This commonly planted native is known as Scrub Cherry, Brush Cherry, Creek Cherry, Creek Lilly Pilly, and Creek Satinash or just Lilly Ppilly. It is very similar to Syzygium paniculatum which you can tell apart by looking at fresh seed. S. paniculatum is polyembryonic, its seeds have quite obvious separate embryos that come part easily if you press them between your thumb and fingers. S. australe has a single large roundish seed. The fruit can be roundish, or elongated. It grows naturally in along freshwater streams especially along western suburbs creeks in Brisbane (such as Rafting Ground Reserve, Gold Creek and Enoggera Creek). Flowers are white in December to March. Fruit is ripe in December to May. It is edible, though quite tart. Germinate from seed, which germinates readily after a month. Fruit was eaten raw by Aborigines. Attracts birds to the garden. A common species throughout the Brisbane region. The fruit is eaten by Wompoo Fruit-dove, Satin Bowerbird, Australasian Figbird. Syzygium from Greek syzygos yoked together, joined or paired, referring to the paired leaves and branchlets of a Jamacian species.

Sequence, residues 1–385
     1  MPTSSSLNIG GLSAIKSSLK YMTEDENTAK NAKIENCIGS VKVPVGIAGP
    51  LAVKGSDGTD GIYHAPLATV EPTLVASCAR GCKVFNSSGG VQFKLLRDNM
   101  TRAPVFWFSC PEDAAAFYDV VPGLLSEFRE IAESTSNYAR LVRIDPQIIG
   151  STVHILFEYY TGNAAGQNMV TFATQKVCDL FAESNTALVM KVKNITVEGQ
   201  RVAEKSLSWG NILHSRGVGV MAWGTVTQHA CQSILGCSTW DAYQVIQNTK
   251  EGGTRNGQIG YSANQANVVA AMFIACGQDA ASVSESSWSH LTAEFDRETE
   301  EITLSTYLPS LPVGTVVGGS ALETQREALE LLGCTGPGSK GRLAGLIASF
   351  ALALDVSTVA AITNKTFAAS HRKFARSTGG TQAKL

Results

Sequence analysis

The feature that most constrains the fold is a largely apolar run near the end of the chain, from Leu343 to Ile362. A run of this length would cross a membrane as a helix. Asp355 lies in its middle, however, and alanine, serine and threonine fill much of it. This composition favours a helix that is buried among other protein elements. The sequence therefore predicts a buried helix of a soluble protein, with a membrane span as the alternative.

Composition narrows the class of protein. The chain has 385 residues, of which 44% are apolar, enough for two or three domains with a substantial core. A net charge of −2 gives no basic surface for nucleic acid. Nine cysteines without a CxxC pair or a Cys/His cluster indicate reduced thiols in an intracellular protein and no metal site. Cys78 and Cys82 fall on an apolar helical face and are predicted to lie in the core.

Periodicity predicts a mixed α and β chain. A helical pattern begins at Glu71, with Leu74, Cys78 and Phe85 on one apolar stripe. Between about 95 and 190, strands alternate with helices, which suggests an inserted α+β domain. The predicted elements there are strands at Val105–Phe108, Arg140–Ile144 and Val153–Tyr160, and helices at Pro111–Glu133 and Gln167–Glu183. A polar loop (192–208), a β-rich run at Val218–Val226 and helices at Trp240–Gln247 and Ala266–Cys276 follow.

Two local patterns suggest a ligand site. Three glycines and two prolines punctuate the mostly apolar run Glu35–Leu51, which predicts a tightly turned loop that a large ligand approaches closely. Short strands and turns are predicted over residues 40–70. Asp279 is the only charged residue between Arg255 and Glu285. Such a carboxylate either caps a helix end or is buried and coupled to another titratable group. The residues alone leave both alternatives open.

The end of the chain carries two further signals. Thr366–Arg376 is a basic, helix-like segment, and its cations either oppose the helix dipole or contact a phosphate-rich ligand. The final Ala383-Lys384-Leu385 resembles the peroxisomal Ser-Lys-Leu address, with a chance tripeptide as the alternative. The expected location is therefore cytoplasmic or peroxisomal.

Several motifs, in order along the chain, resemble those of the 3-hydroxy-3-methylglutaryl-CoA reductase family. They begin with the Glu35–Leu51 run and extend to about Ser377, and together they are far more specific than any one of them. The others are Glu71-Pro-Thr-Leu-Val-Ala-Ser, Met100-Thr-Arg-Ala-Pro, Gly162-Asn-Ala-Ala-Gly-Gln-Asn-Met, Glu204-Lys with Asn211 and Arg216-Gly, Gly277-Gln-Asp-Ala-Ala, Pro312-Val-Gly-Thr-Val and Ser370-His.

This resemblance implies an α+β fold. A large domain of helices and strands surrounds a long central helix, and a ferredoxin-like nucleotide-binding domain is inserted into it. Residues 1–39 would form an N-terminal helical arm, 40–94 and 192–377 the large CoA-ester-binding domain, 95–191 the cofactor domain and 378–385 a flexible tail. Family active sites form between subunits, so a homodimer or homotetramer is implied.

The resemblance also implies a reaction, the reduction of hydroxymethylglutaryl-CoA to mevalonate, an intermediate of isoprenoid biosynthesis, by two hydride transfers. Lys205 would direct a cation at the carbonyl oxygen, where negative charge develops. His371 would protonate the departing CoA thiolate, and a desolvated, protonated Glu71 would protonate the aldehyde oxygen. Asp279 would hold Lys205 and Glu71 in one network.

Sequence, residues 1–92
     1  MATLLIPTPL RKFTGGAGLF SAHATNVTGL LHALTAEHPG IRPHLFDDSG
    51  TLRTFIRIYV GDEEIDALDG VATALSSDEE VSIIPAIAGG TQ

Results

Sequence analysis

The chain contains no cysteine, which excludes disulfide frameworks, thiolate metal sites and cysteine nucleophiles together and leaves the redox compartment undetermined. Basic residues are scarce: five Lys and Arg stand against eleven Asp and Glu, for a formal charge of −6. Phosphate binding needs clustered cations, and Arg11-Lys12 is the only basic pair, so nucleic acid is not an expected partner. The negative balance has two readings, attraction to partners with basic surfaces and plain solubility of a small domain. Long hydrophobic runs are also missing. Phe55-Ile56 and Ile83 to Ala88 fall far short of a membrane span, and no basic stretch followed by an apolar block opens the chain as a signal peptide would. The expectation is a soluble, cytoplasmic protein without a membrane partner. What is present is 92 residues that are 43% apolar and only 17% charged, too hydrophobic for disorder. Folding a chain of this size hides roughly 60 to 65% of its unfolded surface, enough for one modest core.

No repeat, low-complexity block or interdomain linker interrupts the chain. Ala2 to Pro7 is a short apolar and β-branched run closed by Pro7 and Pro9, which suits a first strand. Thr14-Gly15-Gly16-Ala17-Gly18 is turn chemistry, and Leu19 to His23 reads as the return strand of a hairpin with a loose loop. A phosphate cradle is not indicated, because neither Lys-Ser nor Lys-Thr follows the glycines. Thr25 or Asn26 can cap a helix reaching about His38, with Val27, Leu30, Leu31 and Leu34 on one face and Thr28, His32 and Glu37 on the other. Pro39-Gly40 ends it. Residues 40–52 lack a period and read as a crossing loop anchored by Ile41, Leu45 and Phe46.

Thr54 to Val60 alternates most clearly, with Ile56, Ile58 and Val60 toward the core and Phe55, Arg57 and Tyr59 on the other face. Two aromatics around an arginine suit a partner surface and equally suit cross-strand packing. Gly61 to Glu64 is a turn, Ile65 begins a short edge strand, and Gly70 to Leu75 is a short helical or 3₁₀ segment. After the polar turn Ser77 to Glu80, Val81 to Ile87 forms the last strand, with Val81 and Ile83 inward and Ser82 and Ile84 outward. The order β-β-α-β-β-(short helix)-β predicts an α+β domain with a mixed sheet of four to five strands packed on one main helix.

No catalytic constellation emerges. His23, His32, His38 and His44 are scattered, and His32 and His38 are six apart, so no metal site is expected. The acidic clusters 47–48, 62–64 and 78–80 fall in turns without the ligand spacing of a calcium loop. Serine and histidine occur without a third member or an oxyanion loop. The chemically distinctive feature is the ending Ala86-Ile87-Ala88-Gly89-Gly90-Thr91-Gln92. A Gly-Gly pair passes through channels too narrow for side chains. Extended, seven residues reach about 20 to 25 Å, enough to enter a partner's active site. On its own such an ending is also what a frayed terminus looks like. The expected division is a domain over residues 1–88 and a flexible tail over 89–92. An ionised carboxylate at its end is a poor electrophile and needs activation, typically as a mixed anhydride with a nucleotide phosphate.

Photo: Robert Whyte